Note the diagram please. Cut the welding rod to the length of the bridge, and bend it to the curve of the bridge if the bridge is curved. Start at either end of the bridge where you have room, and start lifting the wires with a screw driver and slide the brass rod along under the wires at the point of B in the diagram. If some of the bridge pins are still sound, leave them alone. Position the brass rod between the two rows of bridge pins.
Now, drill two rows of holes on either side of the brass rod centering the holes between the wires. Make sure that every hole is right across from the hole opposite it on the other side of the brass rod. These are guide holes for the brass screws. You don't want the guide holes to be too small since you will be screwing into hard wood! Tighten the screws into the holes until the taper of the counter sink of the screw grabs the brass rod on either side pinching and anchoring it well.
If you still have some rattling, pull out ALL the bridge pins that are left.
I got 100% of the sound back in one piano with this method, and the bill was $700 less than another tuner's estimate. Help yourself. You can do these repairs on a grand piano, but remember that your work will be up there where the world can examine it. Work very deliberately in that case, and the result can look quite acceptable. If you plan to keep the grand though, it would be smart to order the new bridge from your tuner, and save up some coins to make the professional repair.
The Bridge broke- We're talking about the long bridge that goes from the top right to the lower left. It broke right in the middle. Leave it right there. If you try to pull it back together, it will probably break somewhere else. A couple of screws through it into the sound board in the order of the previous repair would be useful. If bridge pins are ruined, run a short rod across the break as in the last repair. You can also buy "agraffe" repairs which go under the strings and hold the strings in place and carry the sound through to the sound board. See out Catalog-- Action Parts.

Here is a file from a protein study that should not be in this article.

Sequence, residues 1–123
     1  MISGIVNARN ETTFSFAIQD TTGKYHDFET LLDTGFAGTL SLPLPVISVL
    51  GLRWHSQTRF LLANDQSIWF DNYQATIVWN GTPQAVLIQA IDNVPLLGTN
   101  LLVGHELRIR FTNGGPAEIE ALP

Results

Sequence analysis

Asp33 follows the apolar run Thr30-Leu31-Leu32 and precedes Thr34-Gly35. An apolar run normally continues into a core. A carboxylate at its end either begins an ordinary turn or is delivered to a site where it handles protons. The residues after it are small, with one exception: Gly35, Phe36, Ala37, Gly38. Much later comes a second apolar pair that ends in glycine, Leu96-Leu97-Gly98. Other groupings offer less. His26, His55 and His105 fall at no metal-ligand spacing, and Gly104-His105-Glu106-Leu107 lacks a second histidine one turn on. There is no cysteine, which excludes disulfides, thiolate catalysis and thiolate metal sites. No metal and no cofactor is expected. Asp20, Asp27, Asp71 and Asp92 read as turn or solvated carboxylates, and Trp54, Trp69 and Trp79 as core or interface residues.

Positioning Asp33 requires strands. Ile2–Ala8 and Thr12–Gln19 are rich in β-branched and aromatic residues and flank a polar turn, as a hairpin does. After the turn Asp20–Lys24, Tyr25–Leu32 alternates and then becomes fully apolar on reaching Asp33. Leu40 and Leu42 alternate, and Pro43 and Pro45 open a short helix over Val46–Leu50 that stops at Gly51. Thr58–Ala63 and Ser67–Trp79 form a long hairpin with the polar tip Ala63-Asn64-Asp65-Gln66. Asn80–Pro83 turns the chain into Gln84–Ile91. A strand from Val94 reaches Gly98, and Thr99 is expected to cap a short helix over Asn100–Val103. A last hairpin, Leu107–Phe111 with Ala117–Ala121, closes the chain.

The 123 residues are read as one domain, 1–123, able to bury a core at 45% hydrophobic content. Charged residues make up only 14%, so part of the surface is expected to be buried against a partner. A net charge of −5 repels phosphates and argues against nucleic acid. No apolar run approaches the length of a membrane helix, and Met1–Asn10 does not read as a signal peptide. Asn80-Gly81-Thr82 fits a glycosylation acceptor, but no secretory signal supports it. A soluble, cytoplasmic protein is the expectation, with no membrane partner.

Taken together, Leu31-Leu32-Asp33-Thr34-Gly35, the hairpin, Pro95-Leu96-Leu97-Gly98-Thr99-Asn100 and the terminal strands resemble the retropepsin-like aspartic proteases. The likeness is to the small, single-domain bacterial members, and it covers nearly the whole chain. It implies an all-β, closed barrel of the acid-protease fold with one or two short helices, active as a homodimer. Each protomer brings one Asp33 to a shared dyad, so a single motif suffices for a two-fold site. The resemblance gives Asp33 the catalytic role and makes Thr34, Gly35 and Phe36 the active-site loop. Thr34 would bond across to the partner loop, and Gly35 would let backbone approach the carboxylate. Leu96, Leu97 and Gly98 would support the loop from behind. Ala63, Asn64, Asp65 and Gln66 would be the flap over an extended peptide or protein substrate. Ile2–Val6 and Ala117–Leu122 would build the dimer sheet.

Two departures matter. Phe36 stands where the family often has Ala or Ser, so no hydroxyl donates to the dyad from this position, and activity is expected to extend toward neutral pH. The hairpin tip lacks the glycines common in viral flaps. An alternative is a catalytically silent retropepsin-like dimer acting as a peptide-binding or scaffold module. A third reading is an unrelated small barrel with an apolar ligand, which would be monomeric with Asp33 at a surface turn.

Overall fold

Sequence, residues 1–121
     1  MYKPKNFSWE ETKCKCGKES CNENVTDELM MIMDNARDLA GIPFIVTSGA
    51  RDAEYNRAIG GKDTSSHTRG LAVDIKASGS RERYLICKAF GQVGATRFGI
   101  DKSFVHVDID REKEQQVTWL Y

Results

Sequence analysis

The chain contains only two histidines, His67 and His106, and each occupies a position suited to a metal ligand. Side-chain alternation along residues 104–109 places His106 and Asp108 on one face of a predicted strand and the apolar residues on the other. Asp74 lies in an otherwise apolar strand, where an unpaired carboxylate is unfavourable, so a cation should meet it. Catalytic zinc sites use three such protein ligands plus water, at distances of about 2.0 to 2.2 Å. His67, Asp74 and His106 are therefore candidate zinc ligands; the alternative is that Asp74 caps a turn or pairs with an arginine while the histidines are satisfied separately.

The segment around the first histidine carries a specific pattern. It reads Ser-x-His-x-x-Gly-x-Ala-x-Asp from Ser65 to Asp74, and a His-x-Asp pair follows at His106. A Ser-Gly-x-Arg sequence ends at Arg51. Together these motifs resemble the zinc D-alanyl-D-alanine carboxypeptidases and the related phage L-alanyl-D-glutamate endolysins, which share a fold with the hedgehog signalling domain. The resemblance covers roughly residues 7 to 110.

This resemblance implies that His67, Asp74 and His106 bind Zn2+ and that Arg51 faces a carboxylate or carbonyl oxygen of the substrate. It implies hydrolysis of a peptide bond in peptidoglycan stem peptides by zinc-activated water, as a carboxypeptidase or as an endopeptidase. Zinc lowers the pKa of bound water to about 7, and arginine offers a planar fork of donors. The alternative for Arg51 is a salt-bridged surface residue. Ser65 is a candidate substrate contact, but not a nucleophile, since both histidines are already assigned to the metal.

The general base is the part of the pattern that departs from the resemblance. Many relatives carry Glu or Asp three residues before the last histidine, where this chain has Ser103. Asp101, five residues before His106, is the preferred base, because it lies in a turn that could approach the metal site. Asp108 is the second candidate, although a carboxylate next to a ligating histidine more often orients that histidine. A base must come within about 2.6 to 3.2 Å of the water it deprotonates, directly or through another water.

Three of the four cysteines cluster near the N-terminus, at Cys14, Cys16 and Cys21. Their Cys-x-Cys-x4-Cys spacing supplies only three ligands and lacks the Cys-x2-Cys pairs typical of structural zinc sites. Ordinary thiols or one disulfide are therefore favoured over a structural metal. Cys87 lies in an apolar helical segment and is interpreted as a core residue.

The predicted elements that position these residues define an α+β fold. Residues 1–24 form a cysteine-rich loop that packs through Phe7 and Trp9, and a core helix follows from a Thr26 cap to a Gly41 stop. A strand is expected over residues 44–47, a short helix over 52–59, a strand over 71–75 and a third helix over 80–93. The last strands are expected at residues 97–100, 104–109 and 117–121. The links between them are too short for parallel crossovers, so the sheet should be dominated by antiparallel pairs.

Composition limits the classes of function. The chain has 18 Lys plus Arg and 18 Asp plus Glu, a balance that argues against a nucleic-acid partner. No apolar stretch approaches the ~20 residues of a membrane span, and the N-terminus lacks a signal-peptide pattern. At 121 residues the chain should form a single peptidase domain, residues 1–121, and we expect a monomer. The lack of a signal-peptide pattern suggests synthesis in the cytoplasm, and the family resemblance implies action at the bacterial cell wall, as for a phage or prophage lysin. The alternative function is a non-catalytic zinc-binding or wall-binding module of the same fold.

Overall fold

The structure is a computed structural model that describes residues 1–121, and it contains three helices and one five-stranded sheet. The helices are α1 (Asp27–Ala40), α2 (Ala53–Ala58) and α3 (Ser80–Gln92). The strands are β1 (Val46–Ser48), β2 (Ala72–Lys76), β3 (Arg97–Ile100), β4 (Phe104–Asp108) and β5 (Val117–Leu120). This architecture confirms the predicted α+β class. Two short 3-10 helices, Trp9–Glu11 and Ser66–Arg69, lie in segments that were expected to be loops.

This is a bass string note in the photo. The following steps will need to be taken no matter where the agraffe broke on the piano:
PARTS NEEDED: An agraffe for each one broken. Agraffe washers. A 36 thread "Easy Out." Possibly a tap to clean out the threads
1. Remove the strings from the piano by loosening the tuning pins. Take the winding off the pins by carefully removing the right angled piece inserted in the hole in the tuning pin. The string may break at this point, in which case a new string will be needed.
2. Now, it may be possible to remove the agraffe from the string by twisting it around the winding, but I have never heard how anyone has done this except on a single wire bass note. Getting the old wire back and screwing in the agraffe seems totally impossible to consider. The best plan may be to simply order new strings when you order the agraffe.
3. If a treble string is involved, you will be dealing with a three hole agraffe, and you will have to loosen a pin in the note to the right or left of the one where the agraffe broke. This is because the treble strings make a trip from one tuning pin down around the hitch pin and back to the next tuning pin.
4. If a single string bass note is involved, you may be able to work the agraffe through the winding once you remove it from the tuning pin. The problem with this trick is that you have to screw in the agraffe while you flip the string around and around. It may be done, but it is a bit insane.
5. Now, you need to remove the piece that broke off and is embedded in the harp of the piano. You may be able to tap it out with a pointed punch by tapping the outer edge of one one side of the piece in a counter clockwise direction, then tap on the outer edge of the other side of the piece in the same direction. This will probably not work. In this case, you will need to drill a hole in the broken piece into which you can insert an "Easy Out," and remove it that way. An auto mechanic can tell you how this is done and may loan you the tool. If not, we can supply the "Easy Out." Be sure to drill the hole in the exact center of the broken piece, and be sure the hole is not big enough to damage the threads of the piece. On a Steinway, the hole must not be over 1/8 inch, and on other pianos use the same rule. Steinway agraffes are a bit larger than other brands.
6. If the threads are damaged, you should clean them up with a tap which you can buy from our catalog. Thread the new agraffe into the hole. If it does not stop with a slight tightening in a perfect position perpendicular to the string pattern, you need to add the agraffe washers which we supply until the agraffe is positioned correctly. Do not leave the agraffe loose in the hole. Use the washers made of brass.